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From: Marjorie Simmons (lawyercarpereslegalis.com)
Date: Fri Jun 06 2008 - 18:13:35 CDT
< Friday muse on a shipper's duty >
| Even if you go with a conservative estimate that one
| 'identity' is worth less than 20 bucks (recently stated
| in a paper) . . .
First, the worth of an identity is not the market value
of the identity, because the market is illegitimate.
: if a package's worth is more than insurance will
: cover the carrier can refuse to carry the package
Second, many carriers will not refuse such shipments
but will limit their liability instead. The focus of the
liability for losses needs to remain on the shipper
rather than the carrier.
It may be helpful to view these losses through a legal
"damages" lens. First tho, a simple cost-benefit analysis.
Last time I read the standard contract of carriage for a
FedEx overnight item it limited damages to the extent
of the insurance, which was itself limited to a specific
amount. For example, an item with a liquid value of
$3000 (a negotiable instrument) could have a maximum
insurance of $500, and so carrier loss of the item limits
the carrier's liability to $500. The risk of loss beyond
the $500 cap is upon the shipper, not the carrier.
In commercial contracts (B2B) involving carriers the
loss limits can be higher but still have a cap, thus claims
are similarly limited to no more than the pre-arranged
damages cap, no matter how much the actual value of
the incurred loss. The calculation businesses often use
in determining the benefit of a low-cost (low insurance)
shipping rate involves the statistical loss rate of the
carrier. The value of the shipper's benefit in using a
specific carrier can be (simplistically) derived from the
cost of carriage plus the statistical likelihood of loss,
minus the benefit derived from the carrier's actual
delivery of the shipped item(s). One accounting
method for a cost-benefit analysis is:
1. Identify a risk [ here, carrier loss ]
2. Estimate the potential loss from the risk.
Multiply the loss by its likelihood to get the
3. Determine a control procedure that,
if implemented, reduces the risk.
4. Determine the reduction in risk exposure
resulting from the control procedure.
This is the quantitative benefit.
5. Identify incremental costs of the control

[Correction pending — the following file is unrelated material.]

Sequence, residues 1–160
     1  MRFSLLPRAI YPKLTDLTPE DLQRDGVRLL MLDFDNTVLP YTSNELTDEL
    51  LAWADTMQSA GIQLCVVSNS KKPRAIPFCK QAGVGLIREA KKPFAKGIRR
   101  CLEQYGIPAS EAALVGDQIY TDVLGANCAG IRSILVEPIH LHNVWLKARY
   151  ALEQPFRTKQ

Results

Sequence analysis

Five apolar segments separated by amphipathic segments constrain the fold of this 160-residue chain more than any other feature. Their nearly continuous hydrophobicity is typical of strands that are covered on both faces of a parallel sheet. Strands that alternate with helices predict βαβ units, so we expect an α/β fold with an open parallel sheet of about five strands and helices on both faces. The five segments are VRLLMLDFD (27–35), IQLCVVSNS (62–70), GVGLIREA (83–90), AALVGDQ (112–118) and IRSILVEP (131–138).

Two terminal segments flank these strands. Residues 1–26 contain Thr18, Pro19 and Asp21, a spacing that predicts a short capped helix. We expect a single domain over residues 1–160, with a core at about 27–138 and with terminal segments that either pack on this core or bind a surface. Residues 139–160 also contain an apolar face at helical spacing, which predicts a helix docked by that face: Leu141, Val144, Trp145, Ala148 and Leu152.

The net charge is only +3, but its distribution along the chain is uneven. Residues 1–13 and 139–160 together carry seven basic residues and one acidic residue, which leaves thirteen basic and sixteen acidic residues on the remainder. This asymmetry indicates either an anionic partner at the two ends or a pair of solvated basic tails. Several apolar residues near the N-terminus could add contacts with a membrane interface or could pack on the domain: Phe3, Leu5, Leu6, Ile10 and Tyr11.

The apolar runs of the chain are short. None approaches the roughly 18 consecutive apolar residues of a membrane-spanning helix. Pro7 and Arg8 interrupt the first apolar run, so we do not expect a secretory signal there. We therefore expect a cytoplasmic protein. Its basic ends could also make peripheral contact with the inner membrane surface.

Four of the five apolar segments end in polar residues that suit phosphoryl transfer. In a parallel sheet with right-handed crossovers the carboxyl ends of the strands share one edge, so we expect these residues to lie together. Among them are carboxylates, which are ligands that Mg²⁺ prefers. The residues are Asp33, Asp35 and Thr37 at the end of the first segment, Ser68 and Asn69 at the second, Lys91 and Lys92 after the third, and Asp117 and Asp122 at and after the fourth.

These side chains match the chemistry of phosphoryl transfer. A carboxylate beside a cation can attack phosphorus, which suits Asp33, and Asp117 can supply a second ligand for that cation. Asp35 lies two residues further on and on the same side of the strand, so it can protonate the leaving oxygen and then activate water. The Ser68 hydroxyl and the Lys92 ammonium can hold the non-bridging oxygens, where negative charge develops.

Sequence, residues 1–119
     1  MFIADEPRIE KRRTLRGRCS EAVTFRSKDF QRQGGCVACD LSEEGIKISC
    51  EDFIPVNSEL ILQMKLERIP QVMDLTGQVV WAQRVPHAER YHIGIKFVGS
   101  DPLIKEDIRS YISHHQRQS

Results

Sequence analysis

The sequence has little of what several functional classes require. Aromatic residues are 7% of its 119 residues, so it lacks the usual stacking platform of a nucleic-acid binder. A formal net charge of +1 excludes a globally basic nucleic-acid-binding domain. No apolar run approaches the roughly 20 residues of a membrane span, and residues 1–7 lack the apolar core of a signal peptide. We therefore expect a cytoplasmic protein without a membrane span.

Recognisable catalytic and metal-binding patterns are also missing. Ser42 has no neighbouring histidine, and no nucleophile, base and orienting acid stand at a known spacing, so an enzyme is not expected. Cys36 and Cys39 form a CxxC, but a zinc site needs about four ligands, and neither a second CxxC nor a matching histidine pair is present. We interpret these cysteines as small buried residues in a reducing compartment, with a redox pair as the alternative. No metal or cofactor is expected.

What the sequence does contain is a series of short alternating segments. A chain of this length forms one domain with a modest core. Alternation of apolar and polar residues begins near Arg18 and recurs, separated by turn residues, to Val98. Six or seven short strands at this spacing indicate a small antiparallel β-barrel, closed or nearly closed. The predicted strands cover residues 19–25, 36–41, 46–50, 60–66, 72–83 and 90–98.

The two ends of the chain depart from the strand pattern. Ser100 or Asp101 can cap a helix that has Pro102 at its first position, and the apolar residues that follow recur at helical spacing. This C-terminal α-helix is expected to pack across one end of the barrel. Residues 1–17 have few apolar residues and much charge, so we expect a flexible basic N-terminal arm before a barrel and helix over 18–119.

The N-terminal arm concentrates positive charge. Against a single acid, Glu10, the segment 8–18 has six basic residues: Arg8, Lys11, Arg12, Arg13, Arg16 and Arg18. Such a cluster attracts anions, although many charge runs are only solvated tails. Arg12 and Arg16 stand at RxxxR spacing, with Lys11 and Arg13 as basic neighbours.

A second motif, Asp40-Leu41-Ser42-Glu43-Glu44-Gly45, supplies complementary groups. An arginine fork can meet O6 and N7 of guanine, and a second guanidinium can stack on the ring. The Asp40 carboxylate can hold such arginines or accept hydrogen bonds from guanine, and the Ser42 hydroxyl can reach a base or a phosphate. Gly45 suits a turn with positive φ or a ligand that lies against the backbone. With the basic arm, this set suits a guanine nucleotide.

6. Compare the incremental costs with the
reduction in risk exposure.
7. Consider qualitative benefits (those difficult to
state in financial terms) and the accuracy of
The question thus becomes whether the shipper (not
the carrier) has a duty to insure beyond the limits of the
contract of carriage. A shipper's duty does not pass to a
carrier because the shipper's relationship with regard to
the item shipped is with the shipper's intended recipient.
Such a duty cannot be contracted to a carrier without the
consent of the recipient.
Most carriers limit absolutely the insurance available to
items of "extraordinary value" (negotiable instruments,
works of art, jewelry, etc.) because such items have
value beyond their face value which is often speculative.
For example, let's say a lawyer FedEx's a legal
document to a court, knowing that document must be
received by a date certain, but FedEx loses the shipment.
What are the losses flowing from that event? FedEx
loses $100 unless the lawyer declared a higher value
and paid the fee, but still stands to lose no more than $500.
The lawyer's clients may stand to lose millions if the
court where the document was to be filed does not
excuse the lawyer's FedEx loss.
The loss of data which can be used in identity theft and
is normally considered private also has a speculative
value (as far as most carriers are concerned), and thus
is something that most carriers class like the above
items of "extraordinary value". Such data has intrinsic
value but is not currently measured with an absolute
</ Friday muse on a shipper's duty >
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